The scientific research is a multistep process, in which some steps are fun while some are not that pleasant. Formatting a manuscript for instance is one of the most painful steps for me.
First, I agree that manuscript formatting is important. A well-structured and visually beautiful manuscript (i.e., font family, font size, line space and figure size) could largely improve its readability. However, there are still many issues that I cannot figure out until now.
1. Why is manuscript formatting so important for the initial submission?
Before submitting your manuscript to a journal, frequently you are asked to format your manuscript according to the journal’s style requirements. This can be very time-consuming for some journals. If I know that my manuscript is going to be accepted, it is fine for me to do that (for free). But it is not always the case.
Below is one example of the format styles from Angewandte Chemie. Yes, you must format your manuscript accordingly before submission.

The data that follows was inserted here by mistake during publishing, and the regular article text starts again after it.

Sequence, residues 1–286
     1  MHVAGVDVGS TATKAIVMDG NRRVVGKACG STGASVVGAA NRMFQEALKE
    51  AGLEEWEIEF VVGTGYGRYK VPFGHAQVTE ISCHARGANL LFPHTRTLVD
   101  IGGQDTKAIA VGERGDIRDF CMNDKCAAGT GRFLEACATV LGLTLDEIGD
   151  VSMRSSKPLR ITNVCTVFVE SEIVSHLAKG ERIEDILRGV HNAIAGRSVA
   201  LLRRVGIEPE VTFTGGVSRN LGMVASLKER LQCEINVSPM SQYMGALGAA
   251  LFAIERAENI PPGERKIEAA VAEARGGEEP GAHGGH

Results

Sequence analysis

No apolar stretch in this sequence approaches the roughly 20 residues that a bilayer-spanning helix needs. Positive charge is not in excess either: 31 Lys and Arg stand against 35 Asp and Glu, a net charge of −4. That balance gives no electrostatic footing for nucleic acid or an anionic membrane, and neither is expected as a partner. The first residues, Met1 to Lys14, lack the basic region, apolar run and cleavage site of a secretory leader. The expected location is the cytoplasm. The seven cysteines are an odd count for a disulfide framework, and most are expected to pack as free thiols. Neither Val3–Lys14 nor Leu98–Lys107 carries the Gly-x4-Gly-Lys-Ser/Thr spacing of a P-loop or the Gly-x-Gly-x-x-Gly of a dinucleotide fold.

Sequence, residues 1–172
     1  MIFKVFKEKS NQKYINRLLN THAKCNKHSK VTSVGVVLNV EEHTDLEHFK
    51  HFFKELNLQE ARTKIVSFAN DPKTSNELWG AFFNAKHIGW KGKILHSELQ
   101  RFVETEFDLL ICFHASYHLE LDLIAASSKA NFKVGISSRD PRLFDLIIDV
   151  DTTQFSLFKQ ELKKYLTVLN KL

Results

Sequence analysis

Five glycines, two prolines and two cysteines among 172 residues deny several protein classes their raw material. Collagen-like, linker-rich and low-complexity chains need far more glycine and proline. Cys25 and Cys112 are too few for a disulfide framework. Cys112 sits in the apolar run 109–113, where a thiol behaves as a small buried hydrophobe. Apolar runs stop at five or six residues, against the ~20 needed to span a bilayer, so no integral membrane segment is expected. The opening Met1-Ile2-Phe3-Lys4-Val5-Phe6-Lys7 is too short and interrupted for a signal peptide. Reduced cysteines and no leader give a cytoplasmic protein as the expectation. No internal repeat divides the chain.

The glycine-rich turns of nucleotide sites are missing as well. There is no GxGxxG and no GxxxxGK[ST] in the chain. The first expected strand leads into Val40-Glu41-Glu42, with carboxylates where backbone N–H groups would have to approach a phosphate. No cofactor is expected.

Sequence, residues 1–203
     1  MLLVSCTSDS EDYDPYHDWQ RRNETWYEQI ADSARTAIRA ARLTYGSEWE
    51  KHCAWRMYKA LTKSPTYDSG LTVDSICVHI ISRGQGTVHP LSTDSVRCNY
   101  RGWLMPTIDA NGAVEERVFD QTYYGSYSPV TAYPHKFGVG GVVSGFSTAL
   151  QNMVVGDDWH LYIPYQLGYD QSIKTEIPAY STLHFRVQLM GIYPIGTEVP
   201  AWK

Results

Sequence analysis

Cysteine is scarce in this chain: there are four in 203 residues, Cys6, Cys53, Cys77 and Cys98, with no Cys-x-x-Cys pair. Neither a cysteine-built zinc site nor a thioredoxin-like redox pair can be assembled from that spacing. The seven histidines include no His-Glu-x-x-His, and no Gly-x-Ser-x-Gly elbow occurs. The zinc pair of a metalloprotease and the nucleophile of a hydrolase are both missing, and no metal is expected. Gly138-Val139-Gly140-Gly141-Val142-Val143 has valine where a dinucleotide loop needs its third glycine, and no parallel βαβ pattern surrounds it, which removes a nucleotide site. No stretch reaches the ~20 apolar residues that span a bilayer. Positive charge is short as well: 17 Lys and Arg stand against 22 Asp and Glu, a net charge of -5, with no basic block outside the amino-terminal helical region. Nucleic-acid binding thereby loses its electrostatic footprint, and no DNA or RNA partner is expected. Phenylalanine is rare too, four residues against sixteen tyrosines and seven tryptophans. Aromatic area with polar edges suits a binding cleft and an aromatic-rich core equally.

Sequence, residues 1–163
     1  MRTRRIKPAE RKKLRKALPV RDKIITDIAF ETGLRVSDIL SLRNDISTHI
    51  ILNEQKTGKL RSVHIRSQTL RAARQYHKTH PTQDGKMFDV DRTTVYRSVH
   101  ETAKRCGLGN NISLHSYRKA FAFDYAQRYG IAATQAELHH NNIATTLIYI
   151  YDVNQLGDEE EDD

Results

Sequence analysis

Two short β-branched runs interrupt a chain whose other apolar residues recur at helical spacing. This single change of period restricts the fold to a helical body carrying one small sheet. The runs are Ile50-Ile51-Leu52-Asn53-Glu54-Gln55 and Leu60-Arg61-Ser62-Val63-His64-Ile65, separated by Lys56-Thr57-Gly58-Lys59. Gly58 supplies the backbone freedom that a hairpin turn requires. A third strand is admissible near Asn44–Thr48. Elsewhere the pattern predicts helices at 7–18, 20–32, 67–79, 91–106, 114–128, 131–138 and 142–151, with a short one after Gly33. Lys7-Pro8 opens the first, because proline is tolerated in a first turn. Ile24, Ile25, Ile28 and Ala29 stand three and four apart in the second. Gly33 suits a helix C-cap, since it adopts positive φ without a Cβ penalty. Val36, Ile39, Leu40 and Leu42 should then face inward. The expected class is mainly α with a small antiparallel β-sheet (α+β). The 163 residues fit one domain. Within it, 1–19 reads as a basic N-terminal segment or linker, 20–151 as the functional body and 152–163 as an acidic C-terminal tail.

“Classical” double columns. Title: Arial, 16; Author list: Arial, 11; Abstract: Arial 8; Main text: Arial 8.5, and so on. I do not have patience to name all the requirements here.
Mamma mia! Poor authors, reviewers and readers! Do you really enjoy reading a manuscript with this format?
2. Why do different journals have significantly different format styles?
This is something I will never understand. To be different and unique?
Suppose that your manuscript is rejected by Angewandte Chemie, and now you are going to submit it to another journal. You will have to suffer the pain again if the second journal requires totally different format style.
Why don’t they use a standard visually-conformable format style at this electronic age?
Doing research is not easy. Lord, please spare us from the endless formatting work.